Weingreen, Jacob (1908–95), Hebrew scholar, was born 21 January 1908 in Manchester, England, son of Isidore Weingreen, salesman (born in Krakow, Poland, later residing in Manchester, Belfast, Dublin, and New York) and Sarah Weingreen (née Axelrad), seamstress, born in Jassy-Eastorn, Rumania. Jacob (‘Jack’) was the youngest of a family of two sons and two daughters. Without the benefit of formal secondary schooling, he entered TCD in 1926, graduating with a first-class moderatorship, a moderatorship prize, and large gold medal in 1929. In 1931 he was awarded a Ph.D. for a thesis on ancient Hebrew education.
Weingreen was appointed a lecturer in Hebrew in 1930, becoming in 1931 assistant to the professor of Hebrew (R. M. Gwynn), whom he succeeded in the Erasmus Smith chair of Hebrew in 1937. He retired in 1978. Apart from a short period in 1933 as assistant to E. L. Sukenik, professor of archaeology in the Hebrew University, Jerusalem, a period in 1946 on relief work in Germany, and a year (1974–5) as visiting fellow at the Oxford Centre for Post-Graduate Hebrew Studies, Weingreen spent his whole career in TCD. Throughout this time he was noted, despite his traumatic experiences in the immediate postwar period (see below), for his gentleness and good humour, his tolerance and patience, and his deep commitment to fundamental humanistic values. Esteemed by his colleagues, he was also much appreciated as an imaginative and sympathetic teacher by generations of undergraduates.
Weingreen's contribution was significant in academic, collegiate, national, and international terms. His fame as a grammarian was founded on his Practical grammar for classical Hebrew, first published in 1939 and still in worldwide use, a work that well reflects his skill and sensitivity as a teacher. More advanced students were well served by his Classical Hebrew composition (1957) and his Introduction to the critical study of the text of the Hebrew Bible (1982). Very much at home in the text of the Hebrew Bible and also in the later Jewish commentators, Weingreen, in the course of several shorter linguistic and historical studies, demonstrated the strong elements of continuity which bound the Hebrew Bible into an ongoing tradition of what were understood as rabbinic modes of interpretation; these studies were subsequently published as From Bible to Mishna (1976).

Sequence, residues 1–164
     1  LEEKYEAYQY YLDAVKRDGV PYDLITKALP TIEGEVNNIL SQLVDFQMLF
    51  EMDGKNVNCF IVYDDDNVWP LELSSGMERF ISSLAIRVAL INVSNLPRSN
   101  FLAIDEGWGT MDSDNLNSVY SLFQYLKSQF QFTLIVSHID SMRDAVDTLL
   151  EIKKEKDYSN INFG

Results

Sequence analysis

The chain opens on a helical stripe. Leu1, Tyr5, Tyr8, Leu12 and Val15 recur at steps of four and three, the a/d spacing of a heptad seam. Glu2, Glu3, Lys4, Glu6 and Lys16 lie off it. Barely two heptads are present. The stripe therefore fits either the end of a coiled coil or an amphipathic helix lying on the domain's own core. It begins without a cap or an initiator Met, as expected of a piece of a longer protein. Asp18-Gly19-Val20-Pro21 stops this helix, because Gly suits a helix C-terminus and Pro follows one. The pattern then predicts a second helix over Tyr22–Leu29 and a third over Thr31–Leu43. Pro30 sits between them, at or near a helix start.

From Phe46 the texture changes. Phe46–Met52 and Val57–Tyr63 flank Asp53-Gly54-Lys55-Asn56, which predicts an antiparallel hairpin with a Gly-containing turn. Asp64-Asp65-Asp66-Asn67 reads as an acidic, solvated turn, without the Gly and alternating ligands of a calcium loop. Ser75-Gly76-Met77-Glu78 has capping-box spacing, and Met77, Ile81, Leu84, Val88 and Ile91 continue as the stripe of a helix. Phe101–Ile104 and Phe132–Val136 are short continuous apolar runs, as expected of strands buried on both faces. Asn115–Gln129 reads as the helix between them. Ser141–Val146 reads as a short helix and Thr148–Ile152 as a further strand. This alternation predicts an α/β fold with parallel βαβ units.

Weingreen's teaching in TCD also expressed his devotion to Palestinian archaeology. Having participated, in 1933, in the excavation of Samaria, he maintained his contacts with archaeologists, including Kathleen Kenyon, and created a valuable collection of archaeological artifacts. These were displayed, from 1957 onwards, in the Museum of Biblical Antiquities. In 1977 the museum was renamed (by the board of TCD) ‘The Weingreen Museum of Biblical Antiquities’.
Outside the college, Weingreen served on the academic council of the Irish School of Ecumenics (1971–4), and was a trustee of the Chester Beatty Library and Gallery of Oriental Art (1969–89) and a governor of the Irish Times Trust (1974–94). Internationally, he was president of the Society for Old Testament Study (1961), a member of the Council of the World Union of Jewish Studies (from 1969), and president of the British Association of Jewish Studies (1977). The significance of his contribution in so many areas was recognised by his election as a fellow of TCD in 1958 and a member of the RIA in 1962.
Weingreen married (1934) Bertha Grevler, second child of Benjamin Grevler, Kohen and Talmudic scholar and businessman, and Kale Kirson. In 1945 Bertha, who was trained in teacher training, in social work, and as an auxiliary nurse, worked with the Jewish Relief Unit in Belgium, Holland, and Germany. She was joined, in work at Bergen-Belsen, by her husband as director of education for displaced persons. Bertha served, during 1946–7, as chief welfare officer for all Jewish displaced persons in the whole of the British zone in Germany, holding the rank of lieutenant-colonel. There were no children of the marriage.
Weingreen died in Dublin on 11 April 1995. A portrait by Eileen Roe hangs in the Weingreen Museum of Biblical Antiquities in TCD.